copies of NSF publications, and to access abstracts of awards, visit the
NSF Website at http://www.nsf.gov

* Location: 4201 Wilson Blvd.
Arlington, VA 22230
* For General Information (703) 292-5111
(NSF Information Center):
* TDD (for the hearing-impaired): (703) 292-5090

* To Order Publications or Forms:

Send an e-mail to: pubs@nsf.gov

or telephone: (703) 292-7827

* To Locate NSF Employees: (703) 292-5111

PRIVACY ACT AND PUBLIC BURDEN STATEMENTS

The information requested on proposal forms and project reports is
solicited under the authority of the National Science Foundation Act of
1950, as amended. The information on proposal forms will be used in
connection with the selection of qualified proposals; project reports
submitted by awardees will be used for program evaluation and reporting
within the Executive Branch and to Congress. The information requested may
be disclosed to qualified reviewers and staff assistants as part of the
proposal review process; to applicant institutions/grantees to provide or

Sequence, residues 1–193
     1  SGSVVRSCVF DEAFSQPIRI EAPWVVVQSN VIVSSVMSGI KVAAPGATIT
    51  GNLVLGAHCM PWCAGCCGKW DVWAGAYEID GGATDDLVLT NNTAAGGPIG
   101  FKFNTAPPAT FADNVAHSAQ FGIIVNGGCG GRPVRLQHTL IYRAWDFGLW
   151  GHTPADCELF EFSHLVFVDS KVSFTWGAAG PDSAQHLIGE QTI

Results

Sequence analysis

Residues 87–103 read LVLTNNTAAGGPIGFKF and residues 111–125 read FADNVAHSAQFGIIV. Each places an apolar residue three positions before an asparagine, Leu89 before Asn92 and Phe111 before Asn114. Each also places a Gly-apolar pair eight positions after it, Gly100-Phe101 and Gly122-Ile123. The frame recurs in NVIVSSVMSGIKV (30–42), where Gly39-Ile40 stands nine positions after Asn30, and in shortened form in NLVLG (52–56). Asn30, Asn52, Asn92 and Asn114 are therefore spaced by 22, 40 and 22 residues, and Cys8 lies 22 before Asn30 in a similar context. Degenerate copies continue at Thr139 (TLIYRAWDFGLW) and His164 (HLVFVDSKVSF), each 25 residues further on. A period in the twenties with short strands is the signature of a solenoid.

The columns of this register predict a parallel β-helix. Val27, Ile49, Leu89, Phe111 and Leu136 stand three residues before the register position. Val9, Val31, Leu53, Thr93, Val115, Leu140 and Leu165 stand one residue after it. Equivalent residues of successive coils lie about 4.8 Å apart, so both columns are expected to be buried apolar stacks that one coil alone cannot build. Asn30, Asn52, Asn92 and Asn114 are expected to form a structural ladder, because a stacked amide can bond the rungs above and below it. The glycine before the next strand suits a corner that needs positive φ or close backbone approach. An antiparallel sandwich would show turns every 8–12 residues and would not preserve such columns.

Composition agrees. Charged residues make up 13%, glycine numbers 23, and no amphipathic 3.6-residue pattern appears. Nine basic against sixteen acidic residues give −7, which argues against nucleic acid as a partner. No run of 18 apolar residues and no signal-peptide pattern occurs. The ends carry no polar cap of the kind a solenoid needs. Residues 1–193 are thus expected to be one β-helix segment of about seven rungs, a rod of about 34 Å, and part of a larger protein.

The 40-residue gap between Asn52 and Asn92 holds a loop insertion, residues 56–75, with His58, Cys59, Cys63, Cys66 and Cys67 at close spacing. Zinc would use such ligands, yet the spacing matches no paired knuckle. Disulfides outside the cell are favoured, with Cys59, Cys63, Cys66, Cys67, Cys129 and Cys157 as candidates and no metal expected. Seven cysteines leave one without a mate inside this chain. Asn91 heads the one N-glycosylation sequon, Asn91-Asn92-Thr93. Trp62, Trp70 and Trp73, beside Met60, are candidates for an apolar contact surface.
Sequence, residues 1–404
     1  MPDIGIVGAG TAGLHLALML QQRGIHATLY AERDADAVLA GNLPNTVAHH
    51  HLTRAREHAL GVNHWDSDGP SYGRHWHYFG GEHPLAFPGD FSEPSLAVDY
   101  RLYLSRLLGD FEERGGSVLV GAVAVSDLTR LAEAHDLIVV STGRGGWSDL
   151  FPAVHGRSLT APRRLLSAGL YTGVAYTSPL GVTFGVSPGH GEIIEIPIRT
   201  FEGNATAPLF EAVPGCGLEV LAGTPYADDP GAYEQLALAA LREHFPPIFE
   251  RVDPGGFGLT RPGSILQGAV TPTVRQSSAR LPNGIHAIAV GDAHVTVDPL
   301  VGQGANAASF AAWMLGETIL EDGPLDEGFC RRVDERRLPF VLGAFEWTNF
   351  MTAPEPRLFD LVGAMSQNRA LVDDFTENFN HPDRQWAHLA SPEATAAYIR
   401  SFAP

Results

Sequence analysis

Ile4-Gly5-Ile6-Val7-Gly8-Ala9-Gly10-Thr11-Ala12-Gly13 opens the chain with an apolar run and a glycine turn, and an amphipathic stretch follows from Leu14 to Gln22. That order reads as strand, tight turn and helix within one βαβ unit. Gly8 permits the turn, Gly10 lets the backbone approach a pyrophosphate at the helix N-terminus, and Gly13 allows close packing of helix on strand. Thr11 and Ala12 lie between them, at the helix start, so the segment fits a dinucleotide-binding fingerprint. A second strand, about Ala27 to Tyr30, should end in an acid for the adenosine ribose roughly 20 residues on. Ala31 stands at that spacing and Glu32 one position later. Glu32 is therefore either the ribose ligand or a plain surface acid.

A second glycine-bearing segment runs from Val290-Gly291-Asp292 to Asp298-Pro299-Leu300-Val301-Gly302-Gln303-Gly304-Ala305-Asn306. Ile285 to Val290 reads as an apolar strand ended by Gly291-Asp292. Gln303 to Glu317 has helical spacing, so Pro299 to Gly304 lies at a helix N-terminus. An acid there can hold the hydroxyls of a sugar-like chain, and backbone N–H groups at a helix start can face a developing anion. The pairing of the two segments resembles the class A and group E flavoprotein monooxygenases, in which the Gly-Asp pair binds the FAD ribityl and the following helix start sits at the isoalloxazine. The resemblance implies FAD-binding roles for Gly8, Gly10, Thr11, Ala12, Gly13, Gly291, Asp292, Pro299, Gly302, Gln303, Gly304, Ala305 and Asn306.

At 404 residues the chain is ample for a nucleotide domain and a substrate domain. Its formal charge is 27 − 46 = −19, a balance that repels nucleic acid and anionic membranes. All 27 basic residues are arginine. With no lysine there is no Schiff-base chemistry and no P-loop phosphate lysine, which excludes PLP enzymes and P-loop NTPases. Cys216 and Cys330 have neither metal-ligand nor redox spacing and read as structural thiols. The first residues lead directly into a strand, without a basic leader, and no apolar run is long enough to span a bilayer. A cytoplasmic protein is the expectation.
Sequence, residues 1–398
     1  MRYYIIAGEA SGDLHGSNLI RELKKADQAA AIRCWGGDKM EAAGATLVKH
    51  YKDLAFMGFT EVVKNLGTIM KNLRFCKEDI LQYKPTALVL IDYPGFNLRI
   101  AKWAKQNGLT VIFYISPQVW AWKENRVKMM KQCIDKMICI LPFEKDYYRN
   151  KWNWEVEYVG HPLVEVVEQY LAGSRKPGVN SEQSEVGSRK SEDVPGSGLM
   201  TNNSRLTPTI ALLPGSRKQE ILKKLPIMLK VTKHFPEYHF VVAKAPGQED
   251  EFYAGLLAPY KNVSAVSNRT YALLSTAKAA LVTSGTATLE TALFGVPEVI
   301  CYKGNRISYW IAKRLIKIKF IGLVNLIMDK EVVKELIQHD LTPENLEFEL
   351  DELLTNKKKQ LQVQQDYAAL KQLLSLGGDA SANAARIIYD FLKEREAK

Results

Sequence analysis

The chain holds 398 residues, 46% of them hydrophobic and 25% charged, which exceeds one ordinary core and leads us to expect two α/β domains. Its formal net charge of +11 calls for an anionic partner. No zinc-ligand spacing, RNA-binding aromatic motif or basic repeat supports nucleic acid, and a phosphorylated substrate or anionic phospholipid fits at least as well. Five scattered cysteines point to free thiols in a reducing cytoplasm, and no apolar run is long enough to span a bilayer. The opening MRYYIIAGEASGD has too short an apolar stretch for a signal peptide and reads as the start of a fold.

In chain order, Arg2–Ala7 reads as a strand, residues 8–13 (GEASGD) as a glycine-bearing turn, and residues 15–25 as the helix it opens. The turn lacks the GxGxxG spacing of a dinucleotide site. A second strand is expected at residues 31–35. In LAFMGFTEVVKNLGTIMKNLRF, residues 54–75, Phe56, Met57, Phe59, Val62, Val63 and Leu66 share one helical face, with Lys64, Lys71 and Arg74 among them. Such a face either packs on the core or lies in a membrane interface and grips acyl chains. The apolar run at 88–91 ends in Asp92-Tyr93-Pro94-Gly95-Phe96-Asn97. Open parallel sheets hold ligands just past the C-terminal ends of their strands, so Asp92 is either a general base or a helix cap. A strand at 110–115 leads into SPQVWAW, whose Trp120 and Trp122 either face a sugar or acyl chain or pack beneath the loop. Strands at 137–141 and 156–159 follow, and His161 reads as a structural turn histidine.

obtain data regarding the proposal review process, award decisions, or the
administration of awards; to government contractors, experts, volunteers
and researchers and educators as necessary to complete assigned work; to
other government agencies needing information as part of the review process
or in order to coordinate programs; and to another Federal agency, court or
party in a court or Federal administrative proceeding if the government is
a party. Information about Principal Investigators may be added to the
Reviewer file and used to select potential candidates to serve as peer
reviewers or advisory committee members. See Systems of Records, NSF-50,
"Principal Investigator/Proposal File and Associated Records," 63 Federal
Register 267 (January 5, 1998), and NSF-51, "Reviewer/Proposal File and
Associated Records," 63 Federal Register 268 (January 5, 1998). Submission
of the information is voluntary. Failure to provide full and complete
information, however, may reduce the possibility of receiving an award.

An agency may not conduct or sponsor, and a person is not required to
respond to an information collection unless it displays a valid OMB control
number. The OMB control number for this collection is 3145-0058. Public
reporting burden for this collection of information is estimated to average
120 hours per response, including the time for reviewing instructions. Send
comments regarding this burden estimate and any other aspect of this
collection of information, including suggestions for reducing this burden,
to: Suzanne Plimpton, Reports Clearance Officer, Division of Administrative
Services, National Science Foundation, Arlington, VA 22230.

OMB control number: 3145-0058.